How do you credit a picture example?
If you’re using it in a blog post or on your website, put the name of the creator and a link to their website or the source of the image beneath it. The format should be something like this: “Photo by [artist name with their website hyperlinked]” or “Image by [artist name] via [website hyperlinked].”
How do you credit a picture in APA?
Citing Images – APA styleHave a figure number, usually abbreviated as “Fig. Include artist’s name (lastname, firstname), date (in parentheses), title of work, and work type (in brackets).Medium and measurements and institution which houses the work may be included after the work type.Include the source from which the image came from.
How do you cite your own photos?
Cite yourself as the photographer. Include the title or description, along with a period, in quotation marks. State the year you took the photograph and a period. Complete the citation by stating the file extension of the photograph (e.g. JPEG file, GIF file, PNG file).
How do you reference your own images Harvard style?
In the Harvard Referencing guide look under the heading ‘Pictures, Images and Photographs’. The suggested elements for a reference are: Artist/Photographer’s name (if known), Year of production. Title of image.
How do I cite an image for free?
For academic purposes sources for images must be cited even if free or in the public domain….The basic information you will need:Artist’s name.Title of work.Date it was created.Repository, museum or owner.Country of origin.Dimensions.Material or medium of work not image (oil on canvas, photograph, marble, etc.)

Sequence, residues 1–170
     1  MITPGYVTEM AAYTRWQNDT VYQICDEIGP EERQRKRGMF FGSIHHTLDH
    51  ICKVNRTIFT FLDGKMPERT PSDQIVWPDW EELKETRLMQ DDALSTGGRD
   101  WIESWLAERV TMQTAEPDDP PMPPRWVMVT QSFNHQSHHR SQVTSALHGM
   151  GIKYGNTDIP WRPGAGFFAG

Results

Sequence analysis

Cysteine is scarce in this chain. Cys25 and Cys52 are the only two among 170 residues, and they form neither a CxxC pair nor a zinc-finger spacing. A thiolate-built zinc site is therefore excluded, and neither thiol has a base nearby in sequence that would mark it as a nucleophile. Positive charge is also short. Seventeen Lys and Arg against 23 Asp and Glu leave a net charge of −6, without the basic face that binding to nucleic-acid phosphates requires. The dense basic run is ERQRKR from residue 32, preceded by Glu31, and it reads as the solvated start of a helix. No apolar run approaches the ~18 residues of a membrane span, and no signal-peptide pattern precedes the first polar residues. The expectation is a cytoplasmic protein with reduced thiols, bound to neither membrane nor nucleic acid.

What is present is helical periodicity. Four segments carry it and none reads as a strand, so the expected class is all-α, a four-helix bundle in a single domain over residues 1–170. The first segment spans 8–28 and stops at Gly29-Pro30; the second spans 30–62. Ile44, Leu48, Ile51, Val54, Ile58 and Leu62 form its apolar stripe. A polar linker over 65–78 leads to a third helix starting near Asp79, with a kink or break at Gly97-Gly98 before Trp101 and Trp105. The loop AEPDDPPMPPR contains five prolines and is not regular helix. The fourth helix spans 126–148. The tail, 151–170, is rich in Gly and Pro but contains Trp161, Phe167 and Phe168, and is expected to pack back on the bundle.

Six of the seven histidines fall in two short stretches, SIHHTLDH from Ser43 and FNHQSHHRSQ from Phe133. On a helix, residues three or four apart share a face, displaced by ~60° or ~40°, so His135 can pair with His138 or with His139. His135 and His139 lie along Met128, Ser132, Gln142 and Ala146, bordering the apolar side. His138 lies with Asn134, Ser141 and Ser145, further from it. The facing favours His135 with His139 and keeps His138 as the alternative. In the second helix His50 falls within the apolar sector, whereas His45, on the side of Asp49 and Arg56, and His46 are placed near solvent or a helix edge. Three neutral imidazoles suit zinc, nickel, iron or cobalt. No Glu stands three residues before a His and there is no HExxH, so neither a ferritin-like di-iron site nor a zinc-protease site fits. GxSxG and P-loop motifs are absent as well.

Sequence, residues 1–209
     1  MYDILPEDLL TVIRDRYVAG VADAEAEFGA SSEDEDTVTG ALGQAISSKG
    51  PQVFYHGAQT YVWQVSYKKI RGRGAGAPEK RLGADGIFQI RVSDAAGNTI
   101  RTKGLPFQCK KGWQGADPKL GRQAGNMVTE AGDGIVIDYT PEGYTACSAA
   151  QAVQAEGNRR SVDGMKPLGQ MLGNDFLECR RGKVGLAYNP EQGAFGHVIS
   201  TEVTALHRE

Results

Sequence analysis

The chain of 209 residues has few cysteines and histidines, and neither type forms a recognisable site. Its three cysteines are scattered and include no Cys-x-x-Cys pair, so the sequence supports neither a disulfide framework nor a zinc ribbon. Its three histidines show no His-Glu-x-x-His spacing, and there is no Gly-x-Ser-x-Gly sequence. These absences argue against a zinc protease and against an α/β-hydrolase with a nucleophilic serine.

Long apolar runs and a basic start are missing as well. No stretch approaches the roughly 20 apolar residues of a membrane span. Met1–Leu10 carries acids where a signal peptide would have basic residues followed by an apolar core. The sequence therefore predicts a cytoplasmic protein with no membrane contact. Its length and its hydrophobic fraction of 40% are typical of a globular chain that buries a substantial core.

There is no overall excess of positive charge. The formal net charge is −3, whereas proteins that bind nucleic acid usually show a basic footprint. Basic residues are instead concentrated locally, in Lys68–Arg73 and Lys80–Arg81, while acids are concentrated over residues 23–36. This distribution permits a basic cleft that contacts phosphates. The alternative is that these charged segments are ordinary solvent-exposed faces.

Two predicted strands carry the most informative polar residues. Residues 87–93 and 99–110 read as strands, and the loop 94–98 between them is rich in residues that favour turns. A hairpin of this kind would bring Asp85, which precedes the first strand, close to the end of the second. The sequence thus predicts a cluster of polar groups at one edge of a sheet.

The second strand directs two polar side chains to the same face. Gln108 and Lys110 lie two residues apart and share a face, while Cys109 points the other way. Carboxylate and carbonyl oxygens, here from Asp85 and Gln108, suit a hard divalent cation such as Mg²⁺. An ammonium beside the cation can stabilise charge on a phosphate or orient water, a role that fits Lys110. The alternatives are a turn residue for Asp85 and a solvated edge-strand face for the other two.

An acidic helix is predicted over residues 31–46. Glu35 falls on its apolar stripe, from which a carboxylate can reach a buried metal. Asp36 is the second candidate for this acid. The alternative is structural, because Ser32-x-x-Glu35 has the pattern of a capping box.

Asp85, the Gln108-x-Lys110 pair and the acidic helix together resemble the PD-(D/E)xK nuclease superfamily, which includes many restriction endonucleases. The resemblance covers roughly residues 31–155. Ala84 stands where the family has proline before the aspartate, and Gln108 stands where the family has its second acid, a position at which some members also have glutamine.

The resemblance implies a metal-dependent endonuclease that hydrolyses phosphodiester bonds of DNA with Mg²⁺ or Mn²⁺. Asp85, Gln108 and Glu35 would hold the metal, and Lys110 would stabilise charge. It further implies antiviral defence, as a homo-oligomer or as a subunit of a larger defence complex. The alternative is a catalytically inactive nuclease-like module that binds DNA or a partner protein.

Are PowerPoint images copyrighted?
Just because an image is on someone’s website or blog doesn’t mean that you can use the image copyright-free. If your PowerPoint presentation is going to be presented only to your instructor and cohort, you don’t need to obtain copyright permission to use the images because your use falls under the Fair Dealing Policy.
What happens if you use copyrighted images without permission?
Damages and Penalties If you used someone else’s copyrighted material and commercially profited from that use, you may have to pay him monetary damages, and court may prohibit you from further using his material without his consent. A federal judge may also impound your material and order you to immediately destroy it.